­New Transistor Design Saves on Power

Ally Winning


A new transistor design could solve the ever-growing demand for memory while saving up to 5% of the energy it uses.

A nanoscale rendering of the two materials, graphene (gray) and chromium oxide (blue). The red and green arrows represent spin.

The new design was developed by University of Nebraska–Lincoln’s Christian Binek and University at Buffalo’s Jonathan Bird and Keke He. Along with energy saving, the new design could cut the number of transistors needed to store certain types of data by up to 75%, leading to smaller devices. It is also non-volatile. By regulating the flow of current within an IC, the new transistor effectively acts as a nanoscopic on-off switch that’s essential to writing, reading and storing data.


“The traditional IC is facing some serious problems,” said Peter Dowben, Charles Bessey Professor of physics and astronomy at Nebraska and co-author of a recent paper on the work. “There is a limit to how much smaller it can get. We’re basically down to the range where we’re talking about 25 or fewer silicon atoms wide. And you generate heat with every device on an IC, so you can’t any longer carry away enough heat to make everything work, either.”


That predicament looms even as the demand for digital memory, and the energy needed to accommodate it, have soared.


In a transistor, the source and drain serve as the starting and end points for electrons flowing through. Above that channel sits the gate. Applying voltage between the gate and source can dictate whether the electric current flows with low or high resistance. Random-access memory requires a constant supply of power just to maintain those binary states.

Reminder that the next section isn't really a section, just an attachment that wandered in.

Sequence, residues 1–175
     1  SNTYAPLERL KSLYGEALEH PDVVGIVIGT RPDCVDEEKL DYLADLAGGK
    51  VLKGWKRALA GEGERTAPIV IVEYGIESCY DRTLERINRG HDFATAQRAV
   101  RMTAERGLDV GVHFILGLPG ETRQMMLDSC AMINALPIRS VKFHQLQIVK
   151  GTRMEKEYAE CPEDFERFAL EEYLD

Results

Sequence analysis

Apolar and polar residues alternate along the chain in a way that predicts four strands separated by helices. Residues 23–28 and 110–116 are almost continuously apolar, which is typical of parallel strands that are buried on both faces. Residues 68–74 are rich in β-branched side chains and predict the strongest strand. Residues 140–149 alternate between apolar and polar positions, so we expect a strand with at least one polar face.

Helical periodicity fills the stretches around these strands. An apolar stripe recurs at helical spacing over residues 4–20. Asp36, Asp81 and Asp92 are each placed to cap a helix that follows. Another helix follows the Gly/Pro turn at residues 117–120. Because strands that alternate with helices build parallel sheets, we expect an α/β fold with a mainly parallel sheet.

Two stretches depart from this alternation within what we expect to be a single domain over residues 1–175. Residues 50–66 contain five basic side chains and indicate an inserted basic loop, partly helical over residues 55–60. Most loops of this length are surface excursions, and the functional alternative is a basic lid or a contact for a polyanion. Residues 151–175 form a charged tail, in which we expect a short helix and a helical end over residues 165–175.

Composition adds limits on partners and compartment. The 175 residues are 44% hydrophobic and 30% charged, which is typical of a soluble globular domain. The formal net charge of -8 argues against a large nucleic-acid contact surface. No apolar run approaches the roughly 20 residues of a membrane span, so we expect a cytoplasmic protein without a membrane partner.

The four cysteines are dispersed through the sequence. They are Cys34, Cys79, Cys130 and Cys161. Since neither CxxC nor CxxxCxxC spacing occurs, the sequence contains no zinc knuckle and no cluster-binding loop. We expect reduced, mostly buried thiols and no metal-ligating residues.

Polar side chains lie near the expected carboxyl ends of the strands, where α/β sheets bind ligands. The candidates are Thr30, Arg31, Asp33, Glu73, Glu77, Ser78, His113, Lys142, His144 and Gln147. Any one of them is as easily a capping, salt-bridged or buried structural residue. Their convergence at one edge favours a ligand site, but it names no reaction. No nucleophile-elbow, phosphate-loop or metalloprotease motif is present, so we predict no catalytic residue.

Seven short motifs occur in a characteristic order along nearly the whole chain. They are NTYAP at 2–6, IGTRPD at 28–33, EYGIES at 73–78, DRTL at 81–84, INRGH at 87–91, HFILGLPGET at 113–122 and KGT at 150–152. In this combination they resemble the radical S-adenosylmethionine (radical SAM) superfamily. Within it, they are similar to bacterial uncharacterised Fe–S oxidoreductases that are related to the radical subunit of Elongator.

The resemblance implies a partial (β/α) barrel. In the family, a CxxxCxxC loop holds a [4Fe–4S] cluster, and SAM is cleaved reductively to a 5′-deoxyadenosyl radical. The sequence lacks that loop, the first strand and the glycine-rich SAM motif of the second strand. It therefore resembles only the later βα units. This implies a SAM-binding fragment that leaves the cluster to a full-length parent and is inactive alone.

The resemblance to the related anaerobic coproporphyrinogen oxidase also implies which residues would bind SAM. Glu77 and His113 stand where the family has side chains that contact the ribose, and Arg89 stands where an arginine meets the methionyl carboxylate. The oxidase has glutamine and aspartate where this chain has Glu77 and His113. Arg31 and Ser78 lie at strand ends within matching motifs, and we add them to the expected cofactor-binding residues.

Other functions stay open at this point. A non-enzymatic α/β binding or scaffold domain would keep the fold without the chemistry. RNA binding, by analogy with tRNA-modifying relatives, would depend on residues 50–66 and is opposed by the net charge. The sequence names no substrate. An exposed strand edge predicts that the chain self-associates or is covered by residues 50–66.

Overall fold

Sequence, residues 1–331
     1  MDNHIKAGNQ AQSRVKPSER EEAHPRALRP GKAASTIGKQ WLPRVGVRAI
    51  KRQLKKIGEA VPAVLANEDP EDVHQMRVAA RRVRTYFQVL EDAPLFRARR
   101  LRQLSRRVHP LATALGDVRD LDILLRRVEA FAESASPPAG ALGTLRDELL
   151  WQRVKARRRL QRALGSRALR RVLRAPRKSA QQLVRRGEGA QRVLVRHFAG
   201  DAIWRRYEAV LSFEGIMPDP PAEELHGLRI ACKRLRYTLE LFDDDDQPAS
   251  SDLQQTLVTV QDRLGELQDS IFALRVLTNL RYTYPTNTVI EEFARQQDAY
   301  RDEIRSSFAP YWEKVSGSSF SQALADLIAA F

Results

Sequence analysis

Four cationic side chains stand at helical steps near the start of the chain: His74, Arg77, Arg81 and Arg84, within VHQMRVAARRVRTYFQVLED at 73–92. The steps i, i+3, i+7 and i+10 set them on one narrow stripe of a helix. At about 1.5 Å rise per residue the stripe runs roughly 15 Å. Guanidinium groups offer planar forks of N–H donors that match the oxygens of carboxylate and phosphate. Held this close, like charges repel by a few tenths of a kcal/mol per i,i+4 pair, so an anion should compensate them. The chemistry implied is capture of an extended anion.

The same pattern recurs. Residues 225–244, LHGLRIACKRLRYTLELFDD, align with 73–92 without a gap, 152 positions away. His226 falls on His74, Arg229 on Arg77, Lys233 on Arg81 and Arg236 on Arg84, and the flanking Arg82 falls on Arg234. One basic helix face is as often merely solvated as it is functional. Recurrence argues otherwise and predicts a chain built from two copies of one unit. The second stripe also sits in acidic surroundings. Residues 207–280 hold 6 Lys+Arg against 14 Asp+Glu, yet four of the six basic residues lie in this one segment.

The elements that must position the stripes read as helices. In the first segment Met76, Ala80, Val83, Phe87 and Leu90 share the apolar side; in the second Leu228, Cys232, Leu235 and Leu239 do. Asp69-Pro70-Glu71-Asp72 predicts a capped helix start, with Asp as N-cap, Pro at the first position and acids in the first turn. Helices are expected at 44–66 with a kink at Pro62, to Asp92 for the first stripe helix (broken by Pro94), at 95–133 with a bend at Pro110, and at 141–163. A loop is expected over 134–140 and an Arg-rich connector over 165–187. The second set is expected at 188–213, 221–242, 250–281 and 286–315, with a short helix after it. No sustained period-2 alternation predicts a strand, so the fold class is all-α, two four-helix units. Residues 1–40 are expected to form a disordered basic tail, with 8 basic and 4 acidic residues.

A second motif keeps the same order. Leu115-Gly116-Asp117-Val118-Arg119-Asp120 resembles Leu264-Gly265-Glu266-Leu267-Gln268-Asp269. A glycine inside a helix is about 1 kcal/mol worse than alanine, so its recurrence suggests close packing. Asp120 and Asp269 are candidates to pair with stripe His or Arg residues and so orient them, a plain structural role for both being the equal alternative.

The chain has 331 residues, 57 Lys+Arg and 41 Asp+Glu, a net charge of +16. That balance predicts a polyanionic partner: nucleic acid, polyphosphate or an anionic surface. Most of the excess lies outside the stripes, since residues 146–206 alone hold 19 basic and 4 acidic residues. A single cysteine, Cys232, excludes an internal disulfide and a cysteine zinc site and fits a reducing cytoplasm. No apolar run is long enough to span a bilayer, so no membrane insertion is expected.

Rather than depend on electric charge as the basis of its approach, the team turned to spin - a magnetism-related property of electrons that points up or down and can be read, like electric charge can, as a 1 or 0. The team knew that electrons flowing through graphene, an ultra-robust material just one atom thick, can maintain their initial spin orientations for relatively long distances. Controlling the orientation of those spins, using substantially less power than a conventional transistor, was a much more challenging prospect.


To accomplish that, the researchers needed to underlay the graphene with chromium oxide. Chromium oxide is magneto-electric, meaning that the spins of the atoms at its surface can be flipped from up to down, or vice versa, by applying a small amount of temporary voltage. When applying positive voltage, the spins of the underlying chromium oxide point up, ultimately forcing the spin orientation of the graphene’s electric current to veer left and yield a detectable signal in the process. Negative voltage instead flips the spins of the chromium oxide down, with the spin orientation of the graphene’s current flipping to the right and generating a signal clearly distinguishable from the other. There are many alternatives to graphene that share its one-atom thickness but also boast properties better suited to a magneto-electric transistor. The race to overlay chromium oxide with those other 2D candidates is already on.


The team was supported by the National Science Foundation’s Established Program to Stimulate Competitive Research, which funded the $20 million Emergent Quantum Materials and Technologies collaboration at Nebraska, and from the Semiconductor Research Corporation.